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Pregnancy discrimination will increase by open questioning

Are the current restrictive rules regarding gender discrimination in the workplace in need of revision to allow the employer more flexibility in questioning? That issue, which is relevant in Michigan and other jurisdictions, was suggested by a recently published study of the Pew Research Center regarding millennial women in the workplace. The general conclusion was that millennial women suffer much less discrimination than their generational predecessors.

The study notes, however, that millennial women are very concerned about the issue of childbirth and what impact it might have on their careers. Pregnancy discrimination is strictly forbidden but hard to identify and stop. One commentator suggests that there is a silent kind of discrimination about pregnancy and child-rearing due to the current restrictive rules prohibiting any questions regarding children, family intentions, pregnancy plans and the like.

Currently, any employment decision with that information in mind would be illegally discriminatory. The critics say that a woman who doesn't plan to have children is being silently discriminated against because her intentions don't get to the employer. They say that an open conversation between employer and prospective employees regarding the person's future would be helpful and work against discrimination.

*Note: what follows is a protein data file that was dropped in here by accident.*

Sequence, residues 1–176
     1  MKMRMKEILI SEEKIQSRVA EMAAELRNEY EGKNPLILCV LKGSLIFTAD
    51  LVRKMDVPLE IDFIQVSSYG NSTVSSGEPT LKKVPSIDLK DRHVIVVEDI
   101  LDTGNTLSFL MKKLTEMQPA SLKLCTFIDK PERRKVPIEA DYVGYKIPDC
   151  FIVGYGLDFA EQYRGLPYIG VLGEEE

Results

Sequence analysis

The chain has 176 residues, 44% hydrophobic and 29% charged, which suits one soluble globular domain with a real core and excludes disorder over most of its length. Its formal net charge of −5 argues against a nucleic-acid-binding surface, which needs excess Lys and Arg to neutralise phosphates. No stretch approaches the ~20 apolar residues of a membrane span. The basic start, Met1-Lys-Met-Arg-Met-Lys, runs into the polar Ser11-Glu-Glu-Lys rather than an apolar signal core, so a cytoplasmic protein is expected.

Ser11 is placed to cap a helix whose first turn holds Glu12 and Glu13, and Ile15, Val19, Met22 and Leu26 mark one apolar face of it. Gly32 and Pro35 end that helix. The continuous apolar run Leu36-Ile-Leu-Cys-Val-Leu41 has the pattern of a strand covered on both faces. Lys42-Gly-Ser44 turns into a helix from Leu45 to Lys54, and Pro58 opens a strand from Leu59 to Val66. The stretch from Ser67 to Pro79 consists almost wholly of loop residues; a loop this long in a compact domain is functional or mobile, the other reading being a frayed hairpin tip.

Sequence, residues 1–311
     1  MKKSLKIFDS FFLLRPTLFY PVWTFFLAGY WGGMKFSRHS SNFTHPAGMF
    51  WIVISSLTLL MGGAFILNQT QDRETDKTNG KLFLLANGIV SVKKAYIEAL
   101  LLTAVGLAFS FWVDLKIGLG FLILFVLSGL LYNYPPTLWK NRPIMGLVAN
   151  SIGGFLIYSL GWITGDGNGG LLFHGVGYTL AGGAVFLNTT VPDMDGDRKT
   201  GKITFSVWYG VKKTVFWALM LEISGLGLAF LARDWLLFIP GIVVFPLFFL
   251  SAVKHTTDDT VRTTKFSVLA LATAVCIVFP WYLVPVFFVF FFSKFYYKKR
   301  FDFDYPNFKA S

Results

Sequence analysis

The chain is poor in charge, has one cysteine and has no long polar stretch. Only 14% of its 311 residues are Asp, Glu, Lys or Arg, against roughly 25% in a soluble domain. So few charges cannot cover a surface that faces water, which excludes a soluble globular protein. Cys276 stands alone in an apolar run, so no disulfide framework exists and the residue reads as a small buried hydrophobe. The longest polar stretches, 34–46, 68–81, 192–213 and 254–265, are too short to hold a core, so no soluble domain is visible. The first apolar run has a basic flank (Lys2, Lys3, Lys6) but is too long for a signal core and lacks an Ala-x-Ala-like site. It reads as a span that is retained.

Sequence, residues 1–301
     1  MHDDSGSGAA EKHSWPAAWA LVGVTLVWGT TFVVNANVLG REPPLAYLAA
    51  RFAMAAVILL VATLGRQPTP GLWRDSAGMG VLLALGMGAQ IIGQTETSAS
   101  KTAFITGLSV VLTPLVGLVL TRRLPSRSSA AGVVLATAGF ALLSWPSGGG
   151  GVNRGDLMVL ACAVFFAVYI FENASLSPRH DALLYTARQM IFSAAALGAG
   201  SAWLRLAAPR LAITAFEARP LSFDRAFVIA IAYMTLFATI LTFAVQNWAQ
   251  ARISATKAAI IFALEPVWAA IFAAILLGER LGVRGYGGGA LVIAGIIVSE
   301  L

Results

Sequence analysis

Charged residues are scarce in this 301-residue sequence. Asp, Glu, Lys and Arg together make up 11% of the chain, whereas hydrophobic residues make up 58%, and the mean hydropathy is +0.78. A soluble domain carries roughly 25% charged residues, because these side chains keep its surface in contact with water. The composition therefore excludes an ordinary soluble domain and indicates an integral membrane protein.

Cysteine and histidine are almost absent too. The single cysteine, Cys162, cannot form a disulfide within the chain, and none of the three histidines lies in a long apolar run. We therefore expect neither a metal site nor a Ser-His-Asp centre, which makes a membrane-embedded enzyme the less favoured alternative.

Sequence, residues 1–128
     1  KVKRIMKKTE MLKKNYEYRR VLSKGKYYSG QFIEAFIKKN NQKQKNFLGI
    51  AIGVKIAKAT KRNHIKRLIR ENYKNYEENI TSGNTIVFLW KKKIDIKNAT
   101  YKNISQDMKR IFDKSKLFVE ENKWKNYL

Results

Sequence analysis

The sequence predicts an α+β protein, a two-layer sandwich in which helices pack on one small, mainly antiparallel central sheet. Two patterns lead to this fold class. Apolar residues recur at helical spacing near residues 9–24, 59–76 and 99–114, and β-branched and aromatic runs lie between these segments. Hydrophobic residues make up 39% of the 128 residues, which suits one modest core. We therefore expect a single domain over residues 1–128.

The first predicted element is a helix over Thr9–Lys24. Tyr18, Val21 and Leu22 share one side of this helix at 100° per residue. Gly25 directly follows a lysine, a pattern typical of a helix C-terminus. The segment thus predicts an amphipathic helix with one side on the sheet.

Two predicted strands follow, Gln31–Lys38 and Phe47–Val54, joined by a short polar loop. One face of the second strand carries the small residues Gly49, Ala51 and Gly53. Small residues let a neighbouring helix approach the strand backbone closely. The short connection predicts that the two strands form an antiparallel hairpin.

Otherwise, a silent discrimination occurs because the employer must conclude that a female is probably planning to have children. It's easy enough for the employer to choose a male applicant in that situation, without having asked any taboo questions. As for the female who wants children, the view is that telecommuting and other options can be openly discussed to avoid employment problems.

It seems fair to say that the this new viewpoint is unsound and flawed with respect to Michigan law and elsewhere. An open questioning system would give the employer a wide field to work his discrimination and civil rights violations. The women who are not going to have children may be helped but the effect on others who are not so sure could be devastating. The current laws protect all applicants, and accentuate that employers must eliminate discriminatory classifications completely from their values and cultural terminology.

Source: The Daily Beast, Are Anti-Discrimination Laws Working Against Millennial Women?, Keli Goff, Jan. 13, 2014

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